JOS, Nigeria, June 21, 2019 (Morning Star News) – Muslim Fulani herdsmen continued a campaign of seizing land for their cattle and territory for their religion this week, killing 11 Christians in eastern Nigeria’s Taraba state, sources said.
The herdsmen on Sunday and Monday (June 16-17) entered villages on motorcyles outside of the Taraba state capital, Jalingo, shooting firearms after attacks in the same area in early May that reportedly also killed 11 people in predominantly Christian villages.
“I know that 11 persons were killed and their corpses were taken to mortuaries in some hospitals in the town of Jalingo,” Joseph David, a 30-year-old resident of one of the communities attackd this week, told Morning Star News by phone.
He said the assailants arrived about 6 p.m. on Sunday and continued the assault the next day.
“The attacks were carried out by Muslim Fulanis riding Bajaj motorcycles,” he said. “They burned houses and shot us as we fled.”
The herdsmen attacked the predominantly Christian villages of Kona and ATC outside Jalingo, as well as Tudiri and Janibanibu villages in Ardo Kola County. Residents in the communities are mainly members of the United Methodist Church in Nigeria (UMCN), Lutheran Church of Christ in Nigeria (LCCN), Christian Reformed Church Nigeria, the Roman Catholic Church, and the Church of the Brethren (EYN).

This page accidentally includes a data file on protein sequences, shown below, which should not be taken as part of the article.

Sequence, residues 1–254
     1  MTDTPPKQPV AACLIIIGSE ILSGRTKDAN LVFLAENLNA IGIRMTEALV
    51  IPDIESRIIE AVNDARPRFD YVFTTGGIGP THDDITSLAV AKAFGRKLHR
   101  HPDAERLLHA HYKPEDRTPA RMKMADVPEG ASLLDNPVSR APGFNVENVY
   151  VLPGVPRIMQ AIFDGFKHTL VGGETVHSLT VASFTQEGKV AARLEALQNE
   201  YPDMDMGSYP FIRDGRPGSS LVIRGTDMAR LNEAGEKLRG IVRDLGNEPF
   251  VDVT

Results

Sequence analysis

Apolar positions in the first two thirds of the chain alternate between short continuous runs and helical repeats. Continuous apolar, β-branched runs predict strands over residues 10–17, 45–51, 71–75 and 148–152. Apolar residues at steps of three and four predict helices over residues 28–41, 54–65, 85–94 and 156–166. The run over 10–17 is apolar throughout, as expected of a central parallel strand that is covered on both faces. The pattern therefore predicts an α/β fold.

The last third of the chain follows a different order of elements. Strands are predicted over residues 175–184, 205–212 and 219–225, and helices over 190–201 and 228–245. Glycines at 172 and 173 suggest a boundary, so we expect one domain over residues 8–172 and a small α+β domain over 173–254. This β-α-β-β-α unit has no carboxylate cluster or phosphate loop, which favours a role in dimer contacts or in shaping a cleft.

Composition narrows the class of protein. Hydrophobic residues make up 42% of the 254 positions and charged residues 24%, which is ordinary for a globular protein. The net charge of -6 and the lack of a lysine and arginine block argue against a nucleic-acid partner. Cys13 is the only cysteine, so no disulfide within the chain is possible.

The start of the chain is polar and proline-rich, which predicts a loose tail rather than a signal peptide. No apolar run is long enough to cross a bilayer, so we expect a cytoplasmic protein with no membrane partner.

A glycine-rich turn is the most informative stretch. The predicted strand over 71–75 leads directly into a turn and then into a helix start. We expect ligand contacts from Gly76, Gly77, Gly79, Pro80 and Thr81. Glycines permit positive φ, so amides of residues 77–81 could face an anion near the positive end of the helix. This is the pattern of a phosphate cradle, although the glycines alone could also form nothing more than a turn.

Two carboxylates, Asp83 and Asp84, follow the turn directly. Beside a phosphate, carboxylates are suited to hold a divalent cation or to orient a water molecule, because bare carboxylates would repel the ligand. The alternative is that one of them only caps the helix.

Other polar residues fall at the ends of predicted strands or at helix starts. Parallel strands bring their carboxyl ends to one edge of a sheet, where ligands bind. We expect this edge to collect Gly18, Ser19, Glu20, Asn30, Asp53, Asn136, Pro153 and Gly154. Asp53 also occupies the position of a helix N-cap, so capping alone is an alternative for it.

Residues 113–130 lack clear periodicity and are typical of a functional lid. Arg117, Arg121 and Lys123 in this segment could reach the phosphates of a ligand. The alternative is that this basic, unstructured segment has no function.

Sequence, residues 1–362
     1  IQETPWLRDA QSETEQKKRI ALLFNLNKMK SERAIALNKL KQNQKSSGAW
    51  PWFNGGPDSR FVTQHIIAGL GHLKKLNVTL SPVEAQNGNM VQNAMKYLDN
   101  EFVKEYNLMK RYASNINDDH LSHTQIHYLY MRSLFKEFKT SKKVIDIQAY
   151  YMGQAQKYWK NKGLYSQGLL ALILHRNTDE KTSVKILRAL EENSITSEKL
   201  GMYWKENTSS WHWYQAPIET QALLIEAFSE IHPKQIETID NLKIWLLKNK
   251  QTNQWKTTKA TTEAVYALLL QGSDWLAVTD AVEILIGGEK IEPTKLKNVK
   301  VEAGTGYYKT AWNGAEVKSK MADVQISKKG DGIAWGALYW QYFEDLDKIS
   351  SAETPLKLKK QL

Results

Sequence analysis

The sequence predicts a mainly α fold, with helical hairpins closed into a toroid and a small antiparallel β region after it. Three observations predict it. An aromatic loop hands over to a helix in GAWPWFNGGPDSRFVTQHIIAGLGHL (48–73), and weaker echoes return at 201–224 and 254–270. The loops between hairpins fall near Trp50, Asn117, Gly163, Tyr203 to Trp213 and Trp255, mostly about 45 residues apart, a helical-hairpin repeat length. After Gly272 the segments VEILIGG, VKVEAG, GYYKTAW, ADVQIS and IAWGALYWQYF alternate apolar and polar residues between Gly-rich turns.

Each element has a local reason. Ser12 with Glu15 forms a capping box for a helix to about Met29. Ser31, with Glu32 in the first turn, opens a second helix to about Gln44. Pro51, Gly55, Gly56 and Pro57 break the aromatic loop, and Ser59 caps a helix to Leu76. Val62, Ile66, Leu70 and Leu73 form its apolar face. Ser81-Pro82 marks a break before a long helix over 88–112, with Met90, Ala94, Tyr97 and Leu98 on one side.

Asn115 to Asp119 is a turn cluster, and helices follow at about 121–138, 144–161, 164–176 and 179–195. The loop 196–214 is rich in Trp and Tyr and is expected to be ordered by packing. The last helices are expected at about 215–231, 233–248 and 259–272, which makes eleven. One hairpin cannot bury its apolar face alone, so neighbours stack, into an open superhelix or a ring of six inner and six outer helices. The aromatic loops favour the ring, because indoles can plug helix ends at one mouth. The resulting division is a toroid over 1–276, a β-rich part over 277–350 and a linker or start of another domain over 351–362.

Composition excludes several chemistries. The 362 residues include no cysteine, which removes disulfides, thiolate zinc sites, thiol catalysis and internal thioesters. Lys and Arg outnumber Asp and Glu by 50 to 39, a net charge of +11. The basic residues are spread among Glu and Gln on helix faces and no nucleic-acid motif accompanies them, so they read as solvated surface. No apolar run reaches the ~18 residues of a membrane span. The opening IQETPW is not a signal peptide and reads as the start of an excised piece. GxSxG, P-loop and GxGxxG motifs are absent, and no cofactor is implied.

Herdsmen also launched attacks in Taraba state in March and April, and there were unconfirmed reports of retaliatory attacks by predominantly Christian, ethnic Kona youths.
Fulani herdsmen have long attacked settled Christian farmers in Taraba state, including massacres backed by Islamist mercenaries in 2014. With assaults ramping up in Plateau, Kaduna, Nasarawa, Bauchi, Benue and Adamawa states as well, five years ago analysts began to see ties between the assailants and Islamic extremist groups keen to exploit longstanding ethnic, property and religious tensions.
While mainstream media have long portrayed heavily-armed herdsmen attacks on largely unarmed Christian farmers as mere conflict over land use, members of the Religious Liberty Partnership (RLP) issued a statement in April rejecting it.
“While we recognize there is a long history of disputes between nomadic herders and farming communities across the Sahel, we believe the current attacks in Nigeria, which do not occur in neighboring countries experiencing similar environmental challenges, can no longer be attributed to desertification or to a struggle for resources,” according to the statement, issued in Abuja as the result of an RLP consultation there. “They now occur with such frequency, organization and asymmetry that references to ‘farmer-herder clashes’ no longer suffice.”
The RLP statement notes that in a Feb. 26 ruling over a case involving militia violence in Benue state that claimed about 500 lives in 2016, the Court of Justice of the Economic Community of West African States rejected characterization of the attacks as communal clashes between farmers and herders. The ruling also dismissed the contention that the government of Nigeria could not be held responsible for ethnic crime committed by unidentified and unknown persons.